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GREGORY J. SCHWARTZ & COMPANY, INC., and Gregory J. Schwartz, Plaintiffs-Appellants, v. Barry S. FAGAN, Marcia C. Fagan, DIB & Fagan Profit Sharing Plan & Trust, DIB & Fagan P.C. Profit Sharing Plan, Allan J. DIB, Salma DIB, National Association Dealers, Inc., and NASD Regulation, Inc., Defendants-Appellees.
Gregory J. Schwartz and Gregory J. Schwartz & Company, Inc., Plaintiffs-Appellants, v. Richard Krygiell, National Association of Security Dealers, Inc., and NASD Regulation, Inc., Defendants-Appellees.
Gregory J. Schwartz & Company, Inc., Plaintiff-Appellant, v. Andrew Polinsky, Jr., Andrew Polinsky Living Trust, and NASD Regulation, Inc., Defendants-Appellees.
In these consolidated appeals, defendants 1 obtained participation certificates in the Mortgage Corporation of America (MCA) through the brokerage services of plaintiff Gregory J. Schwartz & Co., Inc. (Schwartz & Co.), a member of the National Association of Securities Dealers (NASD). After defendants lost money because of the failure of the MCA, they filed arbitration claims with the NASD against Schwartz & Co. and certain of its employees. Schwartz & Co., along with one of its employees, Gregory J. Schwartz, then commenced the instant actions to enjoin the arbitration. The trial court granted summary disposition to defendants and dismissed the complaints. Plaintiffs now appeal as of right, and we affirm.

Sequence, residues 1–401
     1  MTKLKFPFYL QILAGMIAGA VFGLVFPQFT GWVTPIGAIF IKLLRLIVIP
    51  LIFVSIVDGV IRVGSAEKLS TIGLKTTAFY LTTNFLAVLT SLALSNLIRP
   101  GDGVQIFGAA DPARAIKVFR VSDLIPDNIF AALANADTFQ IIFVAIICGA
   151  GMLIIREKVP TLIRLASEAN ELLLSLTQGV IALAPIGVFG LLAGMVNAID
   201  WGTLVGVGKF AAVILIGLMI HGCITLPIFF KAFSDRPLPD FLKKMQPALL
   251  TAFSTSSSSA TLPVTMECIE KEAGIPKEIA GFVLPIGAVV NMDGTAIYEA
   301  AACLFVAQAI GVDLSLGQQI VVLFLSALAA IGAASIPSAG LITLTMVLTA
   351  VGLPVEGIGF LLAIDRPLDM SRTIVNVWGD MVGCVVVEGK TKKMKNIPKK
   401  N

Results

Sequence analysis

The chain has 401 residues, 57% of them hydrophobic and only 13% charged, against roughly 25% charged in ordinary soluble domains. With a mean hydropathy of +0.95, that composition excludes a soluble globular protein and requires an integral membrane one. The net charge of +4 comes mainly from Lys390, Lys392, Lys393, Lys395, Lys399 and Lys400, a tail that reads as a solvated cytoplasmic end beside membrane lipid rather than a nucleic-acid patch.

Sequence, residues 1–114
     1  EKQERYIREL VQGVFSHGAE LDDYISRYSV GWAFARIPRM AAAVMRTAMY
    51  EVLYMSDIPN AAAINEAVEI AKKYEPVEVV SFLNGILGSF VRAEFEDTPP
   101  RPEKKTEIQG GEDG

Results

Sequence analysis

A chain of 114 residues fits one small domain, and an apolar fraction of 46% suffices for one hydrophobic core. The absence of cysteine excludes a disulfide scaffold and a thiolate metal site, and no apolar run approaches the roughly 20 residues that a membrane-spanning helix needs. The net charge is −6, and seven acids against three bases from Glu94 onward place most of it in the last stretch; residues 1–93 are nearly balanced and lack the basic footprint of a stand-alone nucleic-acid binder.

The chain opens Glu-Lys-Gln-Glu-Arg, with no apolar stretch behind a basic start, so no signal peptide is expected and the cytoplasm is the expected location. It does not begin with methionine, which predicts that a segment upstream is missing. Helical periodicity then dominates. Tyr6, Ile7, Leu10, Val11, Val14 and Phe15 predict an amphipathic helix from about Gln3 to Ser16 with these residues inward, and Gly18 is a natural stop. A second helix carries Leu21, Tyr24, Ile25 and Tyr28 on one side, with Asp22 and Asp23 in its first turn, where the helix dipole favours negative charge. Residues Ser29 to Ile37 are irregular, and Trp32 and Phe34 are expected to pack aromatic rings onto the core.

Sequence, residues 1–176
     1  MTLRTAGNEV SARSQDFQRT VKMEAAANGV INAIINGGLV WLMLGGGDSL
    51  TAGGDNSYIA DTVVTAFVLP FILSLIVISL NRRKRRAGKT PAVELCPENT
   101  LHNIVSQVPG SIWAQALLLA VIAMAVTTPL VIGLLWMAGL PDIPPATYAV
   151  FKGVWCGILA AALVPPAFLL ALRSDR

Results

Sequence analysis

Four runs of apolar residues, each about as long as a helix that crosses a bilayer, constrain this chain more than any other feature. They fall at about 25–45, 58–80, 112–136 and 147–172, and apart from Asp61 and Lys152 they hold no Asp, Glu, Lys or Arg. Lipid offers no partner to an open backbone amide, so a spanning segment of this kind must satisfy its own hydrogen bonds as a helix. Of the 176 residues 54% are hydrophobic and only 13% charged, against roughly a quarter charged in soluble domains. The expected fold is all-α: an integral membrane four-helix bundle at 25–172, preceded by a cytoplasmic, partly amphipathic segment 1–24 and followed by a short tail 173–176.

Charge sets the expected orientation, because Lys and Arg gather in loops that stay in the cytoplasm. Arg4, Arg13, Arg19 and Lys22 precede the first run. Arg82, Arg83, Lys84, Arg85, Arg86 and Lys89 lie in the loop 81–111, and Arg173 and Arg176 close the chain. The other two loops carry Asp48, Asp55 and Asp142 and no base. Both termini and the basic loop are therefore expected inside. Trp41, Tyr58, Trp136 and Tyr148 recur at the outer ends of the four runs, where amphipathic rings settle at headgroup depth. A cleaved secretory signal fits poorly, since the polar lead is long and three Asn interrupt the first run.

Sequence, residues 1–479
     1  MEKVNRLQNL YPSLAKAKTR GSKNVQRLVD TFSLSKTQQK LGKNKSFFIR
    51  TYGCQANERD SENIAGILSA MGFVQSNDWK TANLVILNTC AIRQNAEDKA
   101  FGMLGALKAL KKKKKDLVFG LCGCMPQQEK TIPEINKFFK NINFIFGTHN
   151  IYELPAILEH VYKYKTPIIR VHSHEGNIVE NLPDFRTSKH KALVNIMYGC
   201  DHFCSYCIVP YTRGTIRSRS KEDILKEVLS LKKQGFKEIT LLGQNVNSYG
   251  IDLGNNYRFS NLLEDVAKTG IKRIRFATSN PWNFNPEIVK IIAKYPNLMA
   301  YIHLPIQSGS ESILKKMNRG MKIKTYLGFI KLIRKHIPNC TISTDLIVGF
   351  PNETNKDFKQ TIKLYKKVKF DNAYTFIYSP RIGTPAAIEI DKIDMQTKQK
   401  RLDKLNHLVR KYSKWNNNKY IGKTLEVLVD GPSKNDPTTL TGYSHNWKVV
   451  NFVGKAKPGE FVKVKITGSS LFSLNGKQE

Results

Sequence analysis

The main issue raised by plaintiffs in these consolidated appeals is whether the trial court erred in failing to determine the eligibility of defendants' arbitration claims under Rule 10304 of the NASD Code of Arbitration Procedure (NASD code), which states, in part, that “[n]o dispute, claim or controversy shall be eligible for submission to arbitration under the Code where six (6) years have elapsed from the occurrence or event giving rise to the act or dispute, claim or controversy.” The trial court concluded that the arbitrator, and not the court, should decide whether defendants' claims fell within the six-year limitation period of Rule 10304. Therefore, the court referred the matters to arbitration.
Whether the arbitrator or the court should apply Rule 10304 to NASD arbitration claims is a question of law, and we review questions of law de novo. Wills v. State Farm Ins. Co., 222 Mich.App. 110, 114, 564 N.W.2d 488 (1997). Similarly, we review de novo a trial court's ruling with respect to a summary disposition motion. Id.